Kevin Turner: It does.

Sherry Chris: And I’m happy to be a part of it.

Kevin Turner: What does your experience tell you about women in the buying and selling role of real estate, not necessarily being agents? Do they make the decision about the house to purchase or the agent who they’re going to work with?

Sherry Chris: Both, actually. And, of course, that has changed over the years. Now social media plays a big part in how couples or individuals who are buying a home choose an agent. But when you think about females in general, it’s been said, and I don’t know whether you’ll agree with this or not, is that typically women have a higher level of emotional intelligence. And when you think about the home buying process, it’s a very emotional decision. It’s not a business decision, it’s a personal decision. And so what I’ve found with female agents, certainly that I know in the industry and trust, is that they’re well in tune with that whole emotional piece of it.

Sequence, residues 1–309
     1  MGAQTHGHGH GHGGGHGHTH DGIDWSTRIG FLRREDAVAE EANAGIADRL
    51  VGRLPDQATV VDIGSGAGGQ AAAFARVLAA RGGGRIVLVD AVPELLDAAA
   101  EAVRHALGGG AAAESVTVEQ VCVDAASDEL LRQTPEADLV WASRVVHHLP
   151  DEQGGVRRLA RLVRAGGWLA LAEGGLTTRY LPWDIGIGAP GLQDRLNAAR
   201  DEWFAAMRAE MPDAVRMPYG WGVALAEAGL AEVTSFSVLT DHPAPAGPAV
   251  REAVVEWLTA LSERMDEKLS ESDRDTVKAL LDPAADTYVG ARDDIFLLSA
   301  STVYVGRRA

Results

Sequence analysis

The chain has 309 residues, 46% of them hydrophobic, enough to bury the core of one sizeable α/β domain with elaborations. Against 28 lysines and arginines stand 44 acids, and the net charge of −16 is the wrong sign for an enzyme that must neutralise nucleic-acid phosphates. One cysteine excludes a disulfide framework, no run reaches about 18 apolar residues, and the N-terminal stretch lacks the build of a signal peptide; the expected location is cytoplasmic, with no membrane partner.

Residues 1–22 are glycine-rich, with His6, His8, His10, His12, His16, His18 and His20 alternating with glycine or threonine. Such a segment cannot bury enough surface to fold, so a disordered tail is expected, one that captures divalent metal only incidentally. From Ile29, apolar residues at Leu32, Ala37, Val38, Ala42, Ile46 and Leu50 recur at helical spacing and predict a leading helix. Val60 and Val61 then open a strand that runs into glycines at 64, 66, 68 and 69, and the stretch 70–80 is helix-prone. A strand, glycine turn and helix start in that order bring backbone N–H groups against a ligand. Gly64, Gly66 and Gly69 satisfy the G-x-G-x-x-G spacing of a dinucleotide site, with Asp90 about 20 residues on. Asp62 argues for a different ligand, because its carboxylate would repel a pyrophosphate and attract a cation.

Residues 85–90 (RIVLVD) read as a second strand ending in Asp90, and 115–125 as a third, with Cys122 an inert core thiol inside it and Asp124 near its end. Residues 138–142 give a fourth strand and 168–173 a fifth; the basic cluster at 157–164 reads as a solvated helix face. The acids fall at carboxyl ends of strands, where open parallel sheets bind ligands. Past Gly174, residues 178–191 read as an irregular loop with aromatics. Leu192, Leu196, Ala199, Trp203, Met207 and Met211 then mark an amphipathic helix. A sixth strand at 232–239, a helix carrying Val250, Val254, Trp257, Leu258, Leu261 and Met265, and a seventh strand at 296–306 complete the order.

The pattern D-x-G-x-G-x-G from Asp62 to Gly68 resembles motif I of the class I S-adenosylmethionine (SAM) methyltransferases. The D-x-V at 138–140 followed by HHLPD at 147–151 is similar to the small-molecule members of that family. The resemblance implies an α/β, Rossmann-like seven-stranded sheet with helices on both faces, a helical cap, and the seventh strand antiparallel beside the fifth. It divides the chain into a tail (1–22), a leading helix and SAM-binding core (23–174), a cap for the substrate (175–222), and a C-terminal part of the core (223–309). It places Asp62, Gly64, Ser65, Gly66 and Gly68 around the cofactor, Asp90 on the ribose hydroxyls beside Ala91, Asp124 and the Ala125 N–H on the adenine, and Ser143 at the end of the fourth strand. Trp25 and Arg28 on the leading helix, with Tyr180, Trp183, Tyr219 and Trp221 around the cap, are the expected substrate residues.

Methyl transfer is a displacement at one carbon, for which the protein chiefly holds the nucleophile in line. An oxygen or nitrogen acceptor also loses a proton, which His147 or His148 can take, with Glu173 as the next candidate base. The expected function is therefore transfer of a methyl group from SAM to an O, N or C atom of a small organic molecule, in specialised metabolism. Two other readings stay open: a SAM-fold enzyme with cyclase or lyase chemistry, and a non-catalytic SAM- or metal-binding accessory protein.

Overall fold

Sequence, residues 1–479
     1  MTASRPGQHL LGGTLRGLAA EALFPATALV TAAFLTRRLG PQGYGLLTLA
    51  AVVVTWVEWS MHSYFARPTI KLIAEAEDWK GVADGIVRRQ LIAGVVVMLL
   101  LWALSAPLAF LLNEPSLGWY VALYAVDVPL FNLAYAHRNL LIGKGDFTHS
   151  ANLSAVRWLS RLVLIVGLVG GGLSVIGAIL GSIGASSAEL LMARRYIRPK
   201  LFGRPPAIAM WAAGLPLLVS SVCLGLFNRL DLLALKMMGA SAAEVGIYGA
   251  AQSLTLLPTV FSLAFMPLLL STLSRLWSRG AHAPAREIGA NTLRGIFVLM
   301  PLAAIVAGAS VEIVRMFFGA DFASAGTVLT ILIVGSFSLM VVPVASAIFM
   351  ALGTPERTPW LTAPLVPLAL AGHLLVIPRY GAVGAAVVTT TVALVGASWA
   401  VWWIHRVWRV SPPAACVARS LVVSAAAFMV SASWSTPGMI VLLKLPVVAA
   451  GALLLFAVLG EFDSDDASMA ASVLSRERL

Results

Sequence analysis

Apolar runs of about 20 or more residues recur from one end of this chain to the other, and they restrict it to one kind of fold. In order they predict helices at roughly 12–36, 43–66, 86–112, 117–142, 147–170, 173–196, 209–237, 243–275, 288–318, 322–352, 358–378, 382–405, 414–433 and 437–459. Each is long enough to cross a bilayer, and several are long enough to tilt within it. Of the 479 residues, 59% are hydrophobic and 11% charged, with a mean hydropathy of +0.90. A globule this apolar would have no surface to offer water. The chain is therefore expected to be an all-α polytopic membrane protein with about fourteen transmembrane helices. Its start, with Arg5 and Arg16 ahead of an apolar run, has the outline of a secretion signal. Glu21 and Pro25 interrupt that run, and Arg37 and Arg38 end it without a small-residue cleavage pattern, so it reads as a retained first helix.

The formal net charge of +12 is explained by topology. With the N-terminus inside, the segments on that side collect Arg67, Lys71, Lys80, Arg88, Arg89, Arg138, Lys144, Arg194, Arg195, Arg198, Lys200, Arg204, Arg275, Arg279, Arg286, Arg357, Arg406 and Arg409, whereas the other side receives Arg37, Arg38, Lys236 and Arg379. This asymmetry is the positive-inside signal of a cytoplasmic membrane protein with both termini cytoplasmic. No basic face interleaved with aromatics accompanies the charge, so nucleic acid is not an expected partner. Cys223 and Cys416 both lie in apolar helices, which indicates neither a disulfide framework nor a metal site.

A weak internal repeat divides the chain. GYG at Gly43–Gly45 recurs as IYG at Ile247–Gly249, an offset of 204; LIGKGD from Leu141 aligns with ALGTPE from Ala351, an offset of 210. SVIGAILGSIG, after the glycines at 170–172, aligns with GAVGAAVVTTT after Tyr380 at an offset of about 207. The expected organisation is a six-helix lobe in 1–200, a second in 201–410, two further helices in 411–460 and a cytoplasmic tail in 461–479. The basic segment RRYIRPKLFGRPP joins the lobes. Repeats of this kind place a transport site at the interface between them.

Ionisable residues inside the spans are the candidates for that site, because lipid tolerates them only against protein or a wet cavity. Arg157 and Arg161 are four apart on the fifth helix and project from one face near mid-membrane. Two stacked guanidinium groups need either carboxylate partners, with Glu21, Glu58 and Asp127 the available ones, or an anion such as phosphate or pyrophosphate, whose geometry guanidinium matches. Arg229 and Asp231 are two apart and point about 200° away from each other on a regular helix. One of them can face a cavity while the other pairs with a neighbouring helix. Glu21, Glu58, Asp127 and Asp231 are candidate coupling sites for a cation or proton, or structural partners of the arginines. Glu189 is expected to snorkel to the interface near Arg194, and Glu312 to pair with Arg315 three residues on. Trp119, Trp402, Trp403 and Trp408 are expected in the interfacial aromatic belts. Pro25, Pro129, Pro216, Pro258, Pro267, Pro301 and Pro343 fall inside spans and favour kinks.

Kevin Turner: There are, though, two buyer groups, putting aside sex for a moment, and one is buying the family home. And I agree totally with you that it’s all about emotion, raising the family. But then as an investor you really need to take off that emotional hat and look at it like a business. Therefore, do men make better business decisions about real estate than women?

Sherry Chris: Well, that’s a good question. And we’re talking about gender today, which is always very interesting. But I think from an investment perspective and, you know, we look at the many large investment groups and investors who really for the most part, and this is an interesting piece of information, brought us out of the big recession that we had in the US where investment groups, led by men primarily, were buying thousands, if not hundreds of thousands, of what we call distressed properties or distressed assets at that time. And what those investment groups were looking at was the short-term and long-term rate of return.